Count the WTFs [Python edition]



  • There's no way this code could work as documented, but even so, it manages to contain a wealth of "WHAT THE FUCK"

    tmpdir = '/tmp/screenlets' + '/install-temp/'
    os.system( 'mkdir %s' % tmpdir)
    for d in tmpdir: #for each item in folders
    	if os.path.exists(d) and os.path.isdir(d): #is it a valid folder?
    		for f in os.listdir(tmpdir):
    			name = f
    try:
    	print name
    	return (name, ext)
    except:
    	return False
    


  • This is what happens when VB coders get into Python...

    1. Not using os.path.join().
    2. Using os.system().
    3. Calling mkdir instead of using os.mkdir() or os.mkdirs().
    4. Iterating over the tmpdir string.
    5. Ignoring the oh-so-pertinent d variable defined in the outer loop.
    6. Iterating through the contents of the newly-created directory.
    7. Using a loop to get the last element of a sequence instead of just indexing.
    8. Using an exception to detect creation of a variable.
    9. Returning False when the other code path does not return True.
    Just out of curiosity, what is this code documented to do? I need a laugh.



  • @TehFreek said:

    This is what happens when VB coders get into Python...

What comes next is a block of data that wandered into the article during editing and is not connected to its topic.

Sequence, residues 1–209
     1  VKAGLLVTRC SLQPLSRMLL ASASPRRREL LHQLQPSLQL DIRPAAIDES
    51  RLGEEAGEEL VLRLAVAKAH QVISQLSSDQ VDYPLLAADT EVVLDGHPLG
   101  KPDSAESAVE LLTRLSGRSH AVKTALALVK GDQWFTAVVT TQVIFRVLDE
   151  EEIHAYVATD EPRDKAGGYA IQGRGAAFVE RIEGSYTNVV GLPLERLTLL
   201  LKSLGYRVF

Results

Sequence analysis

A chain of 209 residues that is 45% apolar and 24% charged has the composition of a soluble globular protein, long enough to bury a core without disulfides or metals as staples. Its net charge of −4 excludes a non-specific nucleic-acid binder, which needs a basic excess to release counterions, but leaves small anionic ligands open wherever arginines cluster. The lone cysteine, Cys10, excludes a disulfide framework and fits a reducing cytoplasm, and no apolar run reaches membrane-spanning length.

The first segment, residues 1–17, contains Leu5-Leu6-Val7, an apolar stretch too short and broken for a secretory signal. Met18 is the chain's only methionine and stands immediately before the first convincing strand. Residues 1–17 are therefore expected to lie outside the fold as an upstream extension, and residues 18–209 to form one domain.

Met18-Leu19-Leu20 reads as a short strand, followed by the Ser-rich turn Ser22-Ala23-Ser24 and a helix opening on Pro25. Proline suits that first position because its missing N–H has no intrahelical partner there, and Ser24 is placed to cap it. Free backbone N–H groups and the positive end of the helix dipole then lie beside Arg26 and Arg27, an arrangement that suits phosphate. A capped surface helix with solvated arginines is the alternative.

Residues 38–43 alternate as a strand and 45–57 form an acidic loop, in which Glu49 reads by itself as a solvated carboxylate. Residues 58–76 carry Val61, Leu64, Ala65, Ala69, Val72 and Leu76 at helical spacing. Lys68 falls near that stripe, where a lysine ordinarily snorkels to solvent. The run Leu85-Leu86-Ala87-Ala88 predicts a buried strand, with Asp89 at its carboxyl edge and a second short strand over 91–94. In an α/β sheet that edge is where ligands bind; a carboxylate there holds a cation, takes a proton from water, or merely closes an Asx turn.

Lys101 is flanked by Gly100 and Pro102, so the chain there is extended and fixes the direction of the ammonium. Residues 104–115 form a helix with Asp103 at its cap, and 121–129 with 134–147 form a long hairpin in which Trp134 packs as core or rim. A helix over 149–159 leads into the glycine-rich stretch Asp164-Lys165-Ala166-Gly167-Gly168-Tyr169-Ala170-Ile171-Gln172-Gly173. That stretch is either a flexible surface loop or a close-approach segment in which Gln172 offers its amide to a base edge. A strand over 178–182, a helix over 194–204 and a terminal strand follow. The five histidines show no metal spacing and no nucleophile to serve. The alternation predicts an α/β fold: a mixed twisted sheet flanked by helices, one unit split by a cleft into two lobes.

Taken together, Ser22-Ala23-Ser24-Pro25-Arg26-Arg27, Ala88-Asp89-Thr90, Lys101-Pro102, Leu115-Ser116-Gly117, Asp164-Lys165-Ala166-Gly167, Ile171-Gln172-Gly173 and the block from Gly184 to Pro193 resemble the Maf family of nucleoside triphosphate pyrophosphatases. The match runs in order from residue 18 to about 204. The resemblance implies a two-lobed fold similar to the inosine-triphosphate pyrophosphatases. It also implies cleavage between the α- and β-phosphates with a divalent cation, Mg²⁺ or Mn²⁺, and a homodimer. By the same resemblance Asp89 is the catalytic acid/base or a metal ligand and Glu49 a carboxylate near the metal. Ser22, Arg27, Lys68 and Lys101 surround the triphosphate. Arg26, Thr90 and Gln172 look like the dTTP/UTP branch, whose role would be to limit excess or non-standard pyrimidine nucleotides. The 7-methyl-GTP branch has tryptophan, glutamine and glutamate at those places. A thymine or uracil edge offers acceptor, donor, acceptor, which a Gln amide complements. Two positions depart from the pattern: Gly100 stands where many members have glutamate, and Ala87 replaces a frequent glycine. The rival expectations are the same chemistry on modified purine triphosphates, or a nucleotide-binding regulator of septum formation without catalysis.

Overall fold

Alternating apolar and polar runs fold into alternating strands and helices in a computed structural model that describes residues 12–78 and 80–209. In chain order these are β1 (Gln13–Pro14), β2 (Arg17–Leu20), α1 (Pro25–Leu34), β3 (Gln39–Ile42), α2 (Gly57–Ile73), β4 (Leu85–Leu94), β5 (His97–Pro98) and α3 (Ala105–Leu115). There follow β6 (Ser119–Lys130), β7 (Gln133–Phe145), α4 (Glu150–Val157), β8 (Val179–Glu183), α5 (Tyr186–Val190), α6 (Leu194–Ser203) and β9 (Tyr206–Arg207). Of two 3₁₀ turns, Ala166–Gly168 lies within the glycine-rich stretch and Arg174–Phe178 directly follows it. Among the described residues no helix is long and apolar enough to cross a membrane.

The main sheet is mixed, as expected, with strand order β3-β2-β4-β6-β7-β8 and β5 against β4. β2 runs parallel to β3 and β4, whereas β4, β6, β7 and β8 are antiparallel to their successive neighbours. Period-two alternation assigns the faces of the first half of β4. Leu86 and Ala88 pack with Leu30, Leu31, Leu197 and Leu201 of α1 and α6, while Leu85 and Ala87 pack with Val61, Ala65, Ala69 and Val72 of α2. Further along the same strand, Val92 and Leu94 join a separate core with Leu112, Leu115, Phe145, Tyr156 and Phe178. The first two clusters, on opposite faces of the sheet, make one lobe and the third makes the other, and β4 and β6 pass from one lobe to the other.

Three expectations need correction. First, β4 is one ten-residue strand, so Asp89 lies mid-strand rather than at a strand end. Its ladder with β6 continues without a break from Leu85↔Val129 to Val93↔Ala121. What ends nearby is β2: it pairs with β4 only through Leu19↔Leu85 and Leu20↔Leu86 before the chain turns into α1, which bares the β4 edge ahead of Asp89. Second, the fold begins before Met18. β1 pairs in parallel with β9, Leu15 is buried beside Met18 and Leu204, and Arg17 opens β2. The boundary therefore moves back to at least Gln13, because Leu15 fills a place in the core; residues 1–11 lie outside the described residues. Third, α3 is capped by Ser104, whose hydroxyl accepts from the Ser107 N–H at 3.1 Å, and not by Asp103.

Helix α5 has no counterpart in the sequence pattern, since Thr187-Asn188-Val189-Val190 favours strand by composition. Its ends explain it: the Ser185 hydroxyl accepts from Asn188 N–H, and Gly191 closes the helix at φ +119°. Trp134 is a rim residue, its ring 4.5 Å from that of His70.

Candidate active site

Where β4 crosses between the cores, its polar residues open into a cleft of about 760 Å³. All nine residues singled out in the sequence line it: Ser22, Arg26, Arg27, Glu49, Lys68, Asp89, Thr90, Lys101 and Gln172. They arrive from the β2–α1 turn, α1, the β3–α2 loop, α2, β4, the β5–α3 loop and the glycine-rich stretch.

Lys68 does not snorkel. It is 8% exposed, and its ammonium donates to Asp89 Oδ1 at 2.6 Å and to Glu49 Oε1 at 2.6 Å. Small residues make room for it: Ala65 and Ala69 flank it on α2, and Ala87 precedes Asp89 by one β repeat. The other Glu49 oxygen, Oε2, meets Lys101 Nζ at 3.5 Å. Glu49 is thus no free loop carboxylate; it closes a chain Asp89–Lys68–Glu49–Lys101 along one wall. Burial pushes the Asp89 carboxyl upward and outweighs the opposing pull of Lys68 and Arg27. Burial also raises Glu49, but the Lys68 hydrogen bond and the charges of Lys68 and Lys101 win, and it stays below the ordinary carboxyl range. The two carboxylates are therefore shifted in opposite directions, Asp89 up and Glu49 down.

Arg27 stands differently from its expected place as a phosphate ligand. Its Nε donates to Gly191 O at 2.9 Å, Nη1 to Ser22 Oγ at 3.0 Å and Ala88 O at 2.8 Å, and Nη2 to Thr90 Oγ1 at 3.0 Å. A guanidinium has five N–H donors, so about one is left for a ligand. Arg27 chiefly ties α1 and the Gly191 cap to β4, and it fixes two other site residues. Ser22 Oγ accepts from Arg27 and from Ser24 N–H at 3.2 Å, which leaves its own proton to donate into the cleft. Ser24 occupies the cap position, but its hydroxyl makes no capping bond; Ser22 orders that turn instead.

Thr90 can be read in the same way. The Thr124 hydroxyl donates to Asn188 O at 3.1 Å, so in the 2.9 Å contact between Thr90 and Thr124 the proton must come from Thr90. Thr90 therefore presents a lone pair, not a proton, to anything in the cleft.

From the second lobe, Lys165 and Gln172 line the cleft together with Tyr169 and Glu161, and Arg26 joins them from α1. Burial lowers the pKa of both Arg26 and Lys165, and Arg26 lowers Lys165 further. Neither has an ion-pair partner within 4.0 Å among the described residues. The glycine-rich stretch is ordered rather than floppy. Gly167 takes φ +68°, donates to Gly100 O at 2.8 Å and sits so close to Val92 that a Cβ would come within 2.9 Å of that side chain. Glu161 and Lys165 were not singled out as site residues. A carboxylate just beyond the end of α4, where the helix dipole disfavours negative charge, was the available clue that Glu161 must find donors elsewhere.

1. Not using os.path.join().
    2. Using os.system().
    3. Calling mkdir instead of using os.mkdir() or os.mkdirs().
    4. Iterating over the tmpdir string.
    5. Ignoring the oh-so-pertinent d variable defined in the outer loop.
    6. Iterating through the contents of the newly-created directory.
    7. Using a loop to get the last element of a sequence instead of just indexing.
    8. Using an exception to detect creation of a variable.
    9. Returning False when the other code path does not return True.
    Just out of curiosity, what is this code documented to do? I need a laugh.

    You forgot 1a: Actually needing to join two hard-coded, short paths in the first place. It's kind of like defining 'four=2+2' for future use. :)



  • As written, it's a syntax error, because you can't return outside function definition. It would be nice to see the def that needs to go around it.



  • @TehFreek said:

    Just out of curiosity, what is this code documented to do? I need a laugh.
     

    @Bulb said:

    As written, it's a syntax error, because you
    can't return outside function definition. It would be nice to see the
    def that needs to go around it.

    def get_info_from_package_name (self, filename):
    	"""Return all info we can get from the package-name or return None
    	if something went wrong. If nothing failed, the returned value is
    	a 4-tuple of the form: (name, version, basename, extension)."""
    

    Here's a link to the full code in that file, for the curious



  • @spamcourt said:

    def get_info_from_package_name (self, filename):
    """Return all info we can get from the package-name or return None
    if something went wrong. If nothing failed, the returned value is
    a 4-tuple of the form: (name, version, basename, extension)."""

    Here's a link to the full code in that file, for the curious